As I was scrolling through the photo images on Tom Sutpen's blog, I was struck by the one of Lefty Frizzell under the heading "Great Philosophers of the 20th Century #5." Why? Because Lefty was born in Corsicana, Texas, a town with which I have a number of personal connections. For one thing, I taught high school there in 1963-1965, the first teaching job of my long career. I had a number of students there who lived in what was then called an "orphans' home." Probably in these PC times that's not the right name. Anyway, one student whom I remember very well was named Beatrice Vasquez. ("It's pronounced Vas-KWEZ," she said when I used the pronunciation I'd learned in Spanish class.) Miss Vasquez told me proudly that Lefty Frizzell had at one time lived in the home. I can't find any verification of that on any of the websites that have biographies of Frizzell posted on them. They all just say that he was born in Corsicana and that the family soon moved to El Dorado (pronounced, as you Arkansawyers know, "El Do-RAY-do"), Arkansas. Be that as it may, there's a statue of Frizzell in Corsicana now. I've never seen it, but one day maybe I will. (There's a photo of it on David Frizzell's webpage.)
Whenever I think of Corsicana, I think of the Dairy Queen. Sometime in the early 1950s, Corsicana got a Dairy Queen. My family lived thirty miles away, in Mexia, but somehow my father heard about the Corsicana Dairy Queen and got very interested in it. I've always thought that he hoped to be able to get together enough money to buy a DQ franchise for Mexia, but if that was so, the dream never materialized. That franchise went to someone else, and by all accounts he cleaned up with it. At any rate, my father was fascinated by the concept of soft ice cream. On more than one summer evening, we'd all pile in the family car (a 1950 navy-blue Ford, no radio, no heater, and certainly no air-conditioning) and drive to Corsicana for a DQ sundae (my father and I always got hot fudge). Believe me, in those days, a thirty-mile drive wasn't something our family undertook lightly. I can't remember ever having gone to Corsicana for any other reason, and a trip to Waco, about thirty-five miles away, was a major undertaking that called for days of planning. Dallas, ninety miles, required months of preparation. But I digress. To make the trip to the DQ even better than a mere sundae could do, we'd sometimes stop on the outskirts of Corsicana at a filling station whose owner had a monkey that was allowed to roam around at the end of a long chain. A monkey and a DQ sundae, not to mention an hour's round trip in the car. Wow. Great days.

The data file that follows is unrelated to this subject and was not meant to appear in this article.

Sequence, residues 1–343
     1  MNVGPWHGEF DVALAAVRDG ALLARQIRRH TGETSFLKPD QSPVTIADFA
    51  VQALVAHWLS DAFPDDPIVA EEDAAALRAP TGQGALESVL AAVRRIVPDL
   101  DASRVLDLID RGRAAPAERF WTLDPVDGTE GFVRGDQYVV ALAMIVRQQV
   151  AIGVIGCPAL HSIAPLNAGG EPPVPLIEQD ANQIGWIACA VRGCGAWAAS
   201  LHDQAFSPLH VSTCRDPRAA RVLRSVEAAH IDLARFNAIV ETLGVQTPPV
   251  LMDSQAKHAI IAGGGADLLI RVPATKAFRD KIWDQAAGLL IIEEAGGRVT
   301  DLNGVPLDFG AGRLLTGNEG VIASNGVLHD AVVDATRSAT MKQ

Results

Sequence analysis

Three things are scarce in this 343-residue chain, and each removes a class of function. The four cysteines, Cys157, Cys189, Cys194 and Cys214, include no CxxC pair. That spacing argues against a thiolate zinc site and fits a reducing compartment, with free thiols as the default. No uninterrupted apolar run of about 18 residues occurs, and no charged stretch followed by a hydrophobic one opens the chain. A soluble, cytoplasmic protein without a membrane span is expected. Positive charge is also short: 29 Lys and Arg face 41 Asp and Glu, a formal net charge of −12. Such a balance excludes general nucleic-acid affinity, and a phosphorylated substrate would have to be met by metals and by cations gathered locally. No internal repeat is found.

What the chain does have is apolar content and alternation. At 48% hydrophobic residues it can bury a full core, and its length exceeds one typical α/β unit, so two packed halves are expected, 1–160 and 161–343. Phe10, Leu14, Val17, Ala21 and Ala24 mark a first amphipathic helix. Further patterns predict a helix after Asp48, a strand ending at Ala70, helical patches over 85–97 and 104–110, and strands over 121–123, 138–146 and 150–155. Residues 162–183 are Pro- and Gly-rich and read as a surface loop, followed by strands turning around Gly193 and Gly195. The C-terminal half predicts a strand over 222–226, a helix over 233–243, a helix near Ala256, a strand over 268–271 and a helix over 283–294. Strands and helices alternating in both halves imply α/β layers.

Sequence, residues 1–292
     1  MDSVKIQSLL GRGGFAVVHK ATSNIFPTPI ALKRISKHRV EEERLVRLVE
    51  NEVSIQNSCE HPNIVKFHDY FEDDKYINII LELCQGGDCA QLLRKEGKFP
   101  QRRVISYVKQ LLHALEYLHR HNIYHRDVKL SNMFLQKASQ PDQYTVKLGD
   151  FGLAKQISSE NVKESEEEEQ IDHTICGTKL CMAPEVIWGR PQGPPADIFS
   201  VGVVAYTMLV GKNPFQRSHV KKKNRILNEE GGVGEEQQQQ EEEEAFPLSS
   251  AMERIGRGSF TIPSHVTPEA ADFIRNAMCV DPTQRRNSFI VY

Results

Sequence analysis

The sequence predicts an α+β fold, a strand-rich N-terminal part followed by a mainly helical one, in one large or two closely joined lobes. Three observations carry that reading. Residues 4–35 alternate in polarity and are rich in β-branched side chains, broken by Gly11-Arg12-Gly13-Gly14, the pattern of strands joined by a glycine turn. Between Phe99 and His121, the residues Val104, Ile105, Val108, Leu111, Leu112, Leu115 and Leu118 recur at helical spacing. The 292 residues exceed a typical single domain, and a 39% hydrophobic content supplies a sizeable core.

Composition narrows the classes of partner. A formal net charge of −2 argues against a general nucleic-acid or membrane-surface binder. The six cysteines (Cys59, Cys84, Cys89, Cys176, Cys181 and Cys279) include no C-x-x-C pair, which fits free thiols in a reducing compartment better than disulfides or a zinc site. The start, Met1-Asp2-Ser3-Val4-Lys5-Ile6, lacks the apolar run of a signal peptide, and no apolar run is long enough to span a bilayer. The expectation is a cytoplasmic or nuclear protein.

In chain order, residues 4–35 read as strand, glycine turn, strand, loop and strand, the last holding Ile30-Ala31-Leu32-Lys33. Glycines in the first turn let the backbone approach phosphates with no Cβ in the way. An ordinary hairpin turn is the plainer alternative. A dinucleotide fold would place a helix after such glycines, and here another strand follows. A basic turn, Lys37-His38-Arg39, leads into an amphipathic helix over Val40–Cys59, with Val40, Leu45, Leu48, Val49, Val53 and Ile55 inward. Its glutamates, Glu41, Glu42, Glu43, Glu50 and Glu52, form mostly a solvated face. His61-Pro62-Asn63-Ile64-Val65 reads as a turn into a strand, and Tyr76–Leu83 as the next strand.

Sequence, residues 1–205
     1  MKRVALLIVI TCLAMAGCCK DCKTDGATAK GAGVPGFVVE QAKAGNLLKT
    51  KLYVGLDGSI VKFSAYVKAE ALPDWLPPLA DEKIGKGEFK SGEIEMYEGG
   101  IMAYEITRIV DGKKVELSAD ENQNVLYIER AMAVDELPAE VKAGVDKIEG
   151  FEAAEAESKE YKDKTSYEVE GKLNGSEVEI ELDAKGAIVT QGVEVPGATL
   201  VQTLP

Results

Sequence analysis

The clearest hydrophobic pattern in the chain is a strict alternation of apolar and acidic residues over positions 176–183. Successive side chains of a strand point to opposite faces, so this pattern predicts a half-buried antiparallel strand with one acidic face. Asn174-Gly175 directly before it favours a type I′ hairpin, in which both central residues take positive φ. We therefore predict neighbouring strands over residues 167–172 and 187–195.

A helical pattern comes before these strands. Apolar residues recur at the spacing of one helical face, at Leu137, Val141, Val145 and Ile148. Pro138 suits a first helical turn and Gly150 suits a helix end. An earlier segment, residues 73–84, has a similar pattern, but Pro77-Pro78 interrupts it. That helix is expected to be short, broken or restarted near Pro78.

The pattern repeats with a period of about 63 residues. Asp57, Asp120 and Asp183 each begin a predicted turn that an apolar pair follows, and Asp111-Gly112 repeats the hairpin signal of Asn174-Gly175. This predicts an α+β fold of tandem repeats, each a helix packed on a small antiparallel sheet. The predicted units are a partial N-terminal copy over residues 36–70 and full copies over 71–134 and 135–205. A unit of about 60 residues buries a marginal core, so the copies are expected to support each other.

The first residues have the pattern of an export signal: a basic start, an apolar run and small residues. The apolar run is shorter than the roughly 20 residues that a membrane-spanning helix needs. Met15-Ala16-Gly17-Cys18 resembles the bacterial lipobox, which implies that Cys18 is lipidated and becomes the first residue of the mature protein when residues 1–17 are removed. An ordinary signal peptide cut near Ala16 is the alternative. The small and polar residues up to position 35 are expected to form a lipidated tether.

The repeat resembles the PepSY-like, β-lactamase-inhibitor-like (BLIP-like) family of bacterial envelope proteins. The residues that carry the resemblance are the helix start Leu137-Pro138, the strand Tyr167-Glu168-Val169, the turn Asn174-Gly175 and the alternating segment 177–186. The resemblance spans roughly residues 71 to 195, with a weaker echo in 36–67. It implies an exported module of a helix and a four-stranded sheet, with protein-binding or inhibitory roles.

Original image here.